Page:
Energy positive


I’ve started the fundamentals streams, and Ryan always says that the elongating species have to be pruned when the new foliage is mature. Until this point, the tree is not be able to create energy, and removing the new shots the tree suffers wasting energy.

I’ve never heard nothing of it…In my case I have quite mature trees and at the early spring I cut the new shoots…for exemple in a Trident Maple.
To avoid large internodes, I cut to the first two leaves before it opens completely.

I don’t know if I explain it well. I wanted show the tree but I don’t know.

Thank you

Ryan has said to prune only when new foliage has hardened off if the tree is in development or if you are trying to achieve back budding. We prune differently depending on what we are trying to accomplish .

You mention you have many mature trees in refinement in which case Ryan has said that we pinch new growth to transition energy from strong to medium branches, and from medium to weaker branches. So in spruce for example, that means pinching out a portion of the new growth with your fingers as it extends in the spring.

But in deciduous that would mean pinching out that apical merristem between the first two leaves before it can extend any further, thus creating shorter internodes and transitioning strength to weaker parts of the tree. You say you use scissors for this and cut back to two pairs of leaves, but you should give tweezers a try, and pinch out that bud before it can grow another set of leaves.

@Vicky I think the main thing that’s confusing you is that Ryan always talks about how we prune or pinch or feed differently depending on if the tree is in development or refinement. Go back into the archive and watch the “Spring Fundamentals” stream I think it’s called, from almost a year ago, that stream should help you understand this better.


Hi Mike,

Thank you for your explanation, this is what I do in quite advanced trees, pinch instead of cut all the mature shoot.
In the case of Larch and Yew, I cut in Summer all the new leaving a small part, but I must to start pinching.

strong text
In other post I show you my Larch, I have some doubts about design.

I thought I understood quite well but it seems not at all :joy:

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When it comes to deciduous species I would avoid pinching unless you are showing that tree that year. Partial defoliation or hedge cut is what I would do. If you keep pinching a tree every year that tree will become weaker and weaker and all of a sudden you’ll notice weaker flushes every year, basally dominant trees will usually get a flat apex and you risk loosing that tree.
By cutting after the flush has harden you can still control the length of the internodes because if your tree is healthy you usually get new buds forming near the cuts.

Here is a great article by Walter Pall were he discusses a restoration of a Japanese maple using the hedge cutting method.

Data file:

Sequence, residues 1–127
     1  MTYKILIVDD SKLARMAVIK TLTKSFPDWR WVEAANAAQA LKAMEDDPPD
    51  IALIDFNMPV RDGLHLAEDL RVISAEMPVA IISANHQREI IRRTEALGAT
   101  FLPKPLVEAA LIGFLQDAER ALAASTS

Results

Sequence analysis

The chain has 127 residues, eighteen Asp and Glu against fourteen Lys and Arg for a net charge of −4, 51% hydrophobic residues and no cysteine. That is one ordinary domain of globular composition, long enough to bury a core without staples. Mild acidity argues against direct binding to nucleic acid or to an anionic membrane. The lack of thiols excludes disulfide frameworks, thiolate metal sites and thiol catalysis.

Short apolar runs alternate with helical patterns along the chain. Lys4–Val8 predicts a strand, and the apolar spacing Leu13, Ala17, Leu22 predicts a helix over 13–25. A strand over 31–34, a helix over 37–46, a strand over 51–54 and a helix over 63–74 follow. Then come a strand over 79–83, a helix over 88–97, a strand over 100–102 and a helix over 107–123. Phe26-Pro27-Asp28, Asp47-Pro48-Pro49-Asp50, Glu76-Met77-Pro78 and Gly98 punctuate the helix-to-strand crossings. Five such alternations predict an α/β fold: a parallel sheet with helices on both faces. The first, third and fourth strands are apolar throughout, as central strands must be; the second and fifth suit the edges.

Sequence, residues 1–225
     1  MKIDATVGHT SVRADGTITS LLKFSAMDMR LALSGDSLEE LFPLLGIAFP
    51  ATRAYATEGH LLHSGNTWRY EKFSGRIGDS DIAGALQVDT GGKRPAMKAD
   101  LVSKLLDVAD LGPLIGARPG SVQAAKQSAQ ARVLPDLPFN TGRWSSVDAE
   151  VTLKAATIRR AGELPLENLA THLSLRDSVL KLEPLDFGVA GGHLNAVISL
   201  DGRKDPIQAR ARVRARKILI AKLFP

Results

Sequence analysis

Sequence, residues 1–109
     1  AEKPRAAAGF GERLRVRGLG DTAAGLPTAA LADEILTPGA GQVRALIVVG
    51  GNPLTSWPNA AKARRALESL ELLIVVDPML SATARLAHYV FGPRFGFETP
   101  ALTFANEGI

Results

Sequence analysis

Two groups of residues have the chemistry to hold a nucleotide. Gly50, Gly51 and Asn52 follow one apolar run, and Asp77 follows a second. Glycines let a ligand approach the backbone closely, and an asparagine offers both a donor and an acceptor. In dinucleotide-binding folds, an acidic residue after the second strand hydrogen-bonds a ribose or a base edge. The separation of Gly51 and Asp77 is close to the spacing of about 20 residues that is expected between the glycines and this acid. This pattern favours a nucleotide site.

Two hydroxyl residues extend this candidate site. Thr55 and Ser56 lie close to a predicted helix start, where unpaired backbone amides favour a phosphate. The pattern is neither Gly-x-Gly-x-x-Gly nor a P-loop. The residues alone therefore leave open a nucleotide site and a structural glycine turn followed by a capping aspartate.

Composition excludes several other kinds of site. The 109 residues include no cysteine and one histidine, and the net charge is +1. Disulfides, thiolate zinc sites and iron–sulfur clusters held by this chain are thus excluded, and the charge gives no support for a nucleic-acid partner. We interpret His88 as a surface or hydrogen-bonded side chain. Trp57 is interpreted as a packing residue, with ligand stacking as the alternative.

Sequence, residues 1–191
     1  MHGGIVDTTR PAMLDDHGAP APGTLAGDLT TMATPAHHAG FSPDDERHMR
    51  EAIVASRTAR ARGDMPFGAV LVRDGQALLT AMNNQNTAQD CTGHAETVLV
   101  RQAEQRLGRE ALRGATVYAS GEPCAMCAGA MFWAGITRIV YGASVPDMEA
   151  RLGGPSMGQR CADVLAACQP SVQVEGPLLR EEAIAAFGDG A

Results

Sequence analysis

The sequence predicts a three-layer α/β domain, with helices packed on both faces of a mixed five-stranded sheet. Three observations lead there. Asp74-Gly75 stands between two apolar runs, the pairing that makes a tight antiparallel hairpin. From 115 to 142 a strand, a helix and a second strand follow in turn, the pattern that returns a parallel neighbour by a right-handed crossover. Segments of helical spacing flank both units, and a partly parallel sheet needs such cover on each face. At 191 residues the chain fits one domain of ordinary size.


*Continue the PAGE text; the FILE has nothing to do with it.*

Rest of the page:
@Alex Yes I am familiar with Walter Pall’s hedge trimming method. I read the article, good article. I’m a huge fan of Walter Pall. But Let’s be very clear, Walter is promoting hedge trimming for trees in Development . I was specifically talking about pinching for trees in Refinement . Ryan may not use the Hedge trimming method in terms of just cutting back to a silhouette without consideration to each branch. But he gives the same advice as Walter… in development let it grow, harden, and then cut back to buds. Same thing as the hedge trimming method. Same thing.

What Walter is arguing against is pinching a tree aggressively year after year after year. He’s saying you cant keep a tree in refinement forever. Ryan’s advice coincides with Walter’s. Every tree goes through cycles of development, to refinement, and back to development, and so on. Even Walter himself pinches when his tree is in refinement and getting ready to be shown in a year or two. To quote the Walter Pall article you just shared:

Broadleaved trees can be markedly improved when this method is consistently applied over a number of years as the featured maple demonstrates. When it finally is ‘finished’ one can pinch again, especially when it is to be shown at an exhibition. At this point it will be showable for a couple of years - the goal for all bonsai enthusiasts. But eventually, the tree will deteriorate and has to be strengthened again with strong, new growth.

I think part of the reason why Walter Pall is such a proponent of the hedge trimming method is because he has a TON of trees and he doesn’t employ anyone. He does all of the work himself. It’s alot more time efficient to hedge trim all your developing trees than to consider each branch when it is time to prune. Nothing wrong with hedge trimming, I just think if you’ve only got 30 or 40 trees, considering the branches individually when its time to prune can help you get more exact results faster. Though I’d like to experiment with hedge trimming on a bunch of small elms I’ve collected. Thanks for sharing!


Everyone I hear about Walter Pall’s hedge pruning praise it a lot then come with a but… I don’t think there’s a but there. If you do it right, it works. As I understand it: Hedge prune during the year two or maybe three times, then in the winter come and select the branches to keep developing next season, selectively prune the others. Next season get an inch or so above you hedge trimmed to last year and so on.

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Hi Vicky,

You can prune new shoots in early spring before the leaves come out on deciduous trees like you said, but Ryan is saying that, if you miss the window and wait too long (after the leaves begin to emerge), then you should wait until they harden off before you prune so that the tree will regain some much needed energy (and therefore be in an “energy positive”). It’s really all about timing.

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